Water is the lifeblood of communities across Australia, and responsible developers of natural gas resources recognise the importance of safe, secure and sustainable water sources and supplies.
There’s many stories told about the impact of natural gas development on water supplies, but what is fact, and what is fiction?
The risk of gas exploration and extraction activities contaminating groundwater is considered to be relatively low – due mainly to the techniques used to drill gas wells, and the levels of protection built into the design and operation of the gas wells.
According to the CSIRO, groundwater contamination from coal seam gas operations is considered a low risk for the following reasons:
- Hydraulic fracturing, when conducted correctly, is unlikely to introduce hazardous concentrations of chemicals into groundwater or to create connections between fresh and coal-containing aquifers
- Most of the chemicals are of low inherent toxicity, undergo considerable dilution, and the majority (60-80 per cent) are understood to be removed during flow back of the hydraulic fracturing fluid to the well from the coal seam.
- Water extraction from coal seams makes cross‑contamination of aquifers unlikely; most of the inter-aquifer transfer will be of higher quality water into neighbouring coal measures as water flows from high to low pressure.
According to West Australian experts, hydraulic fracturing has been used on 2.5 million wells worldwide without a single confirmed case of groundwater contamination.
In the United States, the Department of Energy and the Groundwater Protection Council concluded that:
“In fact, based on over sixty years of practical application and a lack of evidence to the contrary, there is nothing to indicate that when coupled with appropriate well construction; the practice of hydraulic fracturing in deep formations endangers ground water. There is also a lack of demonstrated evidence that hydraulic fracturing conducted in many shallower formations presents a substantial risk of endangerment to ground water”
In Australia, responsible developers of natural gas resources conduct extensive groundwater monitoring to ensure that any potential impacts on local water sources are identified quickly.
It’s a stance backed by the Commonwealth Standing Committee on Energy and Resources, who say:
“Initial and ongoing monitoring can inform the development of impact management strategies to ensure the effect on the level and quality of water resources is kept within acceptable limits as determined by the regulator. A comprehensive monitoring program will also assist in the detection and remediation of legacy wells from previous water uses located on tenements held by companies.”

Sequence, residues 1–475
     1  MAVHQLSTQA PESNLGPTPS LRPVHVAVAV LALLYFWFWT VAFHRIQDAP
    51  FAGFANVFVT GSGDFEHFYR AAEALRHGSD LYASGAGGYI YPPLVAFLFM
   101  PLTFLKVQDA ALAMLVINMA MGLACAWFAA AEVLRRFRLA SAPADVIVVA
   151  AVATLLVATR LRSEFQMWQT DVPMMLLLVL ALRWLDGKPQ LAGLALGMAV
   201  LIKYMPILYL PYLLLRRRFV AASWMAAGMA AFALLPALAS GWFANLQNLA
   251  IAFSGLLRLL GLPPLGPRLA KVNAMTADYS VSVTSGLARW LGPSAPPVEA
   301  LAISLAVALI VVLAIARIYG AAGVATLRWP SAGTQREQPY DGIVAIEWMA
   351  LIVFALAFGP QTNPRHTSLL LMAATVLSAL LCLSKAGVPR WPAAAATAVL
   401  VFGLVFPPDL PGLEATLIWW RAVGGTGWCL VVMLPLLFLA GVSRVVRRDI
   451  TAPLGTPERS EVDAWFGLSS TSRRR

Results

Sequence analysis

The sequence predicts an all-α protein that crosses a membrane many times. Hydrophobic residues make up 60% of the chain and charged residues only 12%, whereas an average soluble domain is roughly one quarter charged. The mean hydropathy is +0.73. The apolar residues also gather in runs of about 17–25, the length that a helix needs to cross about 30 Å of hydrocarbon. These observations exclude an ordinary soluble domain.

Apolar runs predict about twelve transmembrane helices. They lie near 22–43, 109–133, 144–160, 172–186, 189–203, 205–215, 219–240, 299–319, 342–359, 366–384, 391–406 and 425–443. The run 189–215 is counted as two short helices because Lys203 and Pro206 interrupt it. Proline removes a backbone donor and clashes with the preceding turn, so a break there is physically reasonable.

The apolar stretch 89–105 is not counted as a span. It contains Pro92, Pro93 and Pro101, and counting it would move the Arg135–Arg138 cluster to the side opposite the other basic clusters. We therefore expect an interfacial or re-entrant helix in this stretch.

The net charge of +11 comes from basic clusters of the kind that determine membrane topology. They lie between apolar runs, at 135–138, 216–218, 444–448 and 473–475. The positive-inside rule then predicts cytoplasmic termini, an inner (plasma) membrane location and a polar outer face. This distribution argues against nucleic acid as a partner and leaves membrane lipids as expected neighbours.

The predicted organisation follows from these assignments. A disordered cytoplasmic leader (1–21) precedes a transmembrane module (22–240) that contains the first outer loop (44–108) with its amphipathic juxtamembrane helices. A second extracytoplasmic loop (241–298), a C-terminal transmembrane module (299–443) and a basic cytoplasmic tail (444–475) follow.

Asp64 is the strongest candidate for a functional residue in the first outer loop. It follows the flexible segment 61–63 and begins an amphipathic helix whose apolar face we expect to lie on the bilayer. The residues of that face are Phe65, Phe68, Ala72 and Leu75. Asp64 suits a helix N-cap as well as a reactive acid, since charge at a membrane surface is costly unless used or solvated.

There’s a common misconception that natural gas development will lead to water supplies becoming contaminated with methane gas.
The Queensland Gasfields Commission investigated soil gas surveys undertaken during the 1980s and 1990s in the Surat, Eromanga, Cooper, Georgina, Bowen and Galilee Basins and found methane levels ranging from less than 10ppm to 240ppm naturally occurring in the subsoil.
The NSW Department of Primary Industries Office of Water found:
“Gas seeps have been observed in Queensland rivers and are known to occur naturally, where coal seams are shallow, even in the absence of CSG activities.”
Overseas, some of the most widely cited cases of methane contamination have been thoroughly investigated and found to not be caused by gas activities.
For example, Colorado rancher Mike Markham made a formal complaint to the Colorado Oil and Gas Conservation Commission (COGCC) regarding methane in his drinking water.
After a full investigation, the COGCC concluded:
“There are no indications of oil & gas related impacts to water”
“Dissolved methane in well water appears to be biogenic [naturally occurring] in origin.”
In another case, the Railroad Commission of Texas:
“determined that the evidence is insufficient to conclude that Barnet Shale production activities have caused or contributed to methane contamination in the aquifer beneath the neighborhood”
Water that is extracted alongside natural gas is referred to as produced water.
The amount of produced water varies from well to well.
The management of produced water is a critical issue for responsible developers and local communities.
The Commonwealth Standing Committee on Energy and Resources recommends:
“There are a range of options for the management or disposal of large volumes of produced water. Wherever possible, produced water should be recycled for beneficial use and avoid damaging environmental impacts. Beneficial uses include reinjection into the same or different aquifers, appropriate discharge to surface waters, or direct provision to other water users providing the water is of a suitable quality and complies with required standards.”